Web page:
Friday, May 18, 2018

Namibia, Angola to Abandon Currency Conversion Pact
By Southern Times
Timo Shihepo

Windhoek – Bank of Namibia (BoN) will no longer allow the exchange of Angolan kwanzas through commercial banks in Oshikango, even if Banco Nacional de Angola (BNA) settles its debt next month.

This is a big blow to a deal, which was once hailed as a landmark bargain meant to revive business at the border towns of Oshikango in Namibia and Santa Clara in Angola.

The deal, which was inked in 2015, allowed for the exchange of Angolan kwanzas at the border town of Oshikango through commercial banks but the deal went south after BNA experienced difficulties in repaying the debt, which accrued to R5 billion.

As a result, late in 2015, BoN informed BNA that it was altering the initial agreement. The changes, which came into effect on December 21, 2015, included a cash-based arrangement that did not attract any repayment, unlike before when Angola kwanzas were only exchanged through commercial banks in Namibia.

At the time of negotiating the currency conversion agreement, a barrel of oil then cost about US$100 on the world market. Angola, whose oil is the main source of income, is one of the world’s leading oil producers.

But at the time of implementation, both parties were rocked by the news that the price of oil per barrel had plunged to US$28 per barrel, sending the Angolan economy into headwinds.

Extracting oil is an expensive undertaking and companies need higher crude prices to turn a profit. If oil prices plummet, businesses would have no option but to reduce production and lay off workers to stay afloat while hoping for prices to recover.

Many Angolans lost their income, got stuck with worthless kwanzas until they realised that they could go to Oshikango, dump the kwanzas in the commercial banks then leave with Namibian dollars.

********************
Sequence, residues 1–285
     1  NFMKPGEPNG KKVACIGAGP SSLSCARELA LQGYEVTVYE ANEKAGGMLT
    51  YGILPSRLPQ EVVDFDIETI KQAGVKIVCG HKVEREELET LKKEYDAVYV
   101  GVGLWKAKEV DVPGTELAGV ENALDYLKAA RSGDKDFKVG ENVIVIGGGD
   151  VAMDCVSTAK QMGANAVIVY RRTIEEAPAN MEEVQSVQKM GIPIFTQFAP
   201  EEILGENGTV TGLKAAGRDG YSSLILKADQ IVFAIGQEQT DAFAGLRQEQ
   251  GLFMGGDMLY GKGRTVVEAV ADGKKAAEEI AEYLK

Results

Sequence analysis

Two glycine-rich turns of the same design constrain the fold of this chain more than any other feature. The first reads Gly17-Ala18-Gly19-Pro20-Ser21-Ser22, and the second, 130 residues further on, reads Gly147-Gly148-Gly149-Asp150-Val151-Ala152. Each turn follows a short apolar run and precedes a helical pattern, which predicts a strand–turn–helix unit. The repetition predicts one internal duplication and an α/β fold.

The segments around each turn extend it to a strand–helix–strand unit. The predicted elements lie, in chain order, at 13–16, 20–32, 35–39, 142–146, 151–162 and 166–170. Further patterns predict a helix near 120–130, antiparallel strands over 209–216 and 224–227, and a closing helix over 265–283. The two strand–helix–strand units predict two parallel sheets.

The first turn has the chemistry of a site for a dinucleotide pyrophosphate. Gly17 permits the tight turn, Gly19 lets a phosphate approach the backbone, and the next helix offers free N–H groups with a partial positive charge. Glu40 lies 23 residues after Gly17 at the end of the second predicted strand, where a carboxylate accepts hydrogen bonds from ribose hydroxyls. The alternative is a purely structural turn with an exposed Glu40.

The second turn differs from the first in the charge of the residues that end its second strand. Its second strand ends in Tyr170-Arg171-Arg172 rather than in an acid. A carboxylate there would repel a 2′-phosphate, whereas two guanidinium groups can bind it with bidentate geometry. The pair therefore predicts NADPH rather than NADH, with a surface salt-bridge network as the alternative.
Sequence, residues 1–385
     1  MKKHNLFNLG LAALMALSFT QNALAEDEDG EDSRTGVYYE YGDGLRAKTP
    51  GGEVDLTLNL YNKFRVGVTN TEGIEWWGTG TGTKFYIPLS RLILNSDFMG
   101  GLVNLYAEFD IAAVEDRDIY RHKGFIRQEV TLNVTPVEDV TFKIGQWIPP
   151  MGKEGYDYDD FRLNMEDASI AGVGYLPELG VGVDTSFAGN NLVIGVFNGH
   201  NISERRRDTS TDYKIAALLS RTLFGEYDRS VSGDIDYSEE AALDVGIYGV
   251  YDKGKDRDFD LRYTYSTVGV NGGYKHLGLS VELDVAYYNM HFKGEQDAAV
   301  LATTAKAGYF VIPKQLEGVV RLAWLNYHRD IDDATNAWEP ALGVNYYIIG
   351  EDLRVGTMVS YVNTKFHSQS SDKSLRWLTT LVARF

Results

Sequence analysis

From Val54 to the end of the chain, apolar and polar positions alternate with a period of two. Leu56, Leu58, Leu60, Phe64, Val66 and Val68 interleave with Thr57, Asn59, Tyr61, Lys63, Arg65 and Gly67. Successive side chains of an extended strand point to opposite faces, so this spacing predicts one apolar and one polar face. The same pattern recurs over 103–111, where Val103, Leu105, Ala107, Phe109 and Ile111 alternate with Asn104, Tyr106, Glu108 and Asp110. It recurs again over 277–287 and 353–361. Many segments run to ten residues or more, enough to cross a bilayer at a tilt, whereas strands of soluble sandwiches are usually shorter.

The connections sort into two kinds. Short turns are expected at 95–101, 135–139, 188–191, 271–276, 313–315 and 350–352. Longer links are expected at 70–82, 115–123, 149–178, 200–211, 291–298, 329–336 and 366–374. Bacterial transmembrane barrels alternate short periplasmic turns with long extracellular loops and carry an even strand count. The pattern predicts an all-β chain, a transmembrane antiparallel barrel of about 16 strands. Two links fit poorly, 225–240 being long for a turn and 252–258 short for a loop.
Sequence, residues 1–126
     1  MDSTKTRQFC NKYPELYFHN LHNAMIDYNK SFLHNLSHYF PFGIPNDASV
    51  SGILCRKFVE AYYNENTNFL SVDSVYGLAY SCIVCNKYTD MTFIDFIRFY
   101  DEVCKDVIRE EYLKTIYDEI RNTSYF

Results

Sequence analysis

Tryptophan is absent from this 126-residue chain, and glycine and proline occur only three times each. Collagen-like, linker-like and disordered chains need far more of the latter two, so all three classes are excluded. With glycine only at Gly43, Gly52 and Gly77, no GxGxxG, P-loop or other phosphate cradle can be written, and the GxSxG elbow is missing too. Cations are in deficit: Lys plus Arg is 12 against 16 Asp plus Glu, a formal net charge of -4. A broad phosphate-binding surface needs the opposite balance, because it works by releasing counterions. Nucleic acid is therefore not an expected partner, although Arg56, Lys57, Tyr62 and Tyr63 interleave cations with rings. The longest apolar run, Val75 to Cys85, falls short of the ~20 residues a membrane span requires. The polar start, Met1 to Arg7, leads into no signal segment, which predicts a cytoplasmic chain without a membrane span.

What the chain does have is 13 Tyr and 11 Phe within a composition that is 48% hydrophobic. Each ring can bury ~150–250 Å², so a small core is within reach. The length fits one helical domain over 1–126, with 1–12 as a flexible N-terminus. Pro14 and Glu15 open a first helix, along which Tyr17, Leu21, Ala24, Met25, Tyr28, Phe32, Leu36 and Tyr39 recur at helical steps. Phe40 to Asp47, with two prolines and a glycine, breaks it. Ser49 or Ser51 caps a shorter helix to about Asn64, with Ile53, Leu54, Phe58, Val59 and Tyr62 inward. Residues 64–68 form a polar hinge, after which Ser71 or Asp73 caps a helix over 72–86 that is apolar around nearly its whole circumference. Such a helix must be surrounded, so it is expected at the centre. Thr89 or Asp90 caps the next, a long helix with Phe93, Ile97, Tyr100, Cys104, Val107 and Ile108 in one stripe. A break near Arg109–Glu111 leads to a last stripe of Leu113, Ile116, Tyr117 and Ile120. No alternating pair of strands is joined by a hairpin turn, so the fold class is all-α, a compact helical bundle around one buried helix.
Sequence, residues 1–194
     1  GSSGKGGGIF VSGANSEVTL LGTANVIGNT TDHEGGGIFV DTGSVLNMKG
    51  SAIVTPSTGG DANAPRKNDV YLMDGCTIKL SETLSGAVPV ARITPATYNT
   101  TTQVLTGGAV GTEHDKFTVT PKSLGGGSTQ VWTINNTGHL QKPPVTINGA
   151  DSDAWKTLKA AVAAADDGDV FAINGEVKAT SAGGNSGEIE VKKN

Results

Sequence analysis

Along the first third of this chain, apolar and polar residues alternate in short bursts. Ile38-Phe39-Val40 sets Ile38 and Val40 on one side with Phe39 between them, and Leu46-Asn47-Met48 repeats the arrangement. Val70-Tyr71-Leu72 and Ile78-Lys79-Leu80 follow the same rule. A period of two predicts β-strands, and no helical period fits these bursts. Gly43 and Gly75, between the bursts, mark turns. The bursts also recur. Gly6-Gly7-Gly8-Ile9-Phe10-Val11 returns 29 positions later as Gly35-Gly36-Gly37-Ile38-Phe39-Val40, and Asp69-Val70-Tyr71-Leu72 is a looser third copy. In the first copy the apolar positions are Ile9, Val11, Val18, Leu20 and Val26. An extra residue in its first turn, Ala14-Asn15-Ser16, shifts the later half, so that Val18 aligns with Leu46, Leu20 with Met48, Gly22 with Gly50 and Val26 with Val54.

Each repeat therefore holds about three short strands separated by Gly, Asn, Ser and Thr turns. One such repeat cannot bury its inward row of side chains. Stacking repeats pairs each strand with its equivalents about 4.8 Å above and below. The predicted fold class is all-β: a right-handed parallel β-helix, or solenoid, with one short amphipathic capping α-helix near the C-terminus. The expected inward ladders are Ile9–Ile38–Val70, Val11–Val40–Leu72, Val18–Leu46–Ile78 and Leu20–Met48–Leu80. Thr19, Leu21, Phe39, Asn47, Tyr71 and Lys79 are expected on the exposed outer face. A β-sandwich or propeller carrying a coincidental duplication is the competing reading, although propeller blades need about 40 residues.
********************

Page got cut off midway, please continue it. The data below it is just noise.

Although they spent the Namibian dollars in Oshikango, the kwanzas in Namibia’s commercial banks at the border town became too much. BoN would then send the kwanzas to BNA for the latter to repay in US dollars but BNA struggled to keep up with the influx of kwanzas and could not simply payback.

The two banks had anticipated that the transfer of the kwanzas from Namibia would total US$20 million per month but weeks later that amount was valued to about US$200 million.

“The two central banks observed some challenges including the exchanging of currencies outside the scope of the agreement,” BoN’s deputy director of corporate communications, Kazembire Zemburuka, told The Southern Times.

Measures (such as deploying police officers to kill the black market) were introduced to address the identified challenges, however, they did not fully address the crisis. As a result, a black market for currency exchange grew and, by the time the two banks agreed to make changes to the agreement, Angola was already owing Namibia about R5 billion.

Despite tough economic conditions in Angola, BNA has been managing to repay back the money and is expected to pay its last instalment of R600 million in June.

The halting of the agreement resulted in the disintegration of Oshikango into a ghost town with many businesses closing down as Angolans no longer flock to the town to do business.

Chairperson of the Namibia Chamber of Commerce and Industry Northern Branch, Tomas Iindji said they hope to see this agreement in operation again as soon as possible.

He said it was a pity that there was widespread misuse during the brief period when the agreement was operational. He said, unfortunately, dishonesty people quickly found ways to skirt around the rules and black market currency exchanges contributed to the halting of the currency agreement.

“Many NCCI North members in that area cater to the consumer demands of wealthy Angolans looking to purchase goods and services they can’t find in their home markets, as well as Angolan businesses wishing to import products from the bonded warehouses operating along the border.”

Iindji urged the Bank of Namibia and the Banco Nacional de Angola to find a solution that will bring back the use of Angolan kwanzas at Namibia’s border town of Oshikango, saying the agreement has the potential to revive the business side of Oshikango.

Meanwhile, Bank of Namibia has said the Currency Conversion Agreement between Bank of Namibia and Banco Nacional de Angola (BNA) is still in place through the implementation mechanism, which commenced on December 21, 2015.

“This entails the Bank of Namibia selling the Namibia dollars to Banco Nacional de Angola. BNA then facilitates currency exchange at commercial banks and Bureau de Changes in Santa Clara in Angola through their normal banking transactions,” said Zemburuka.

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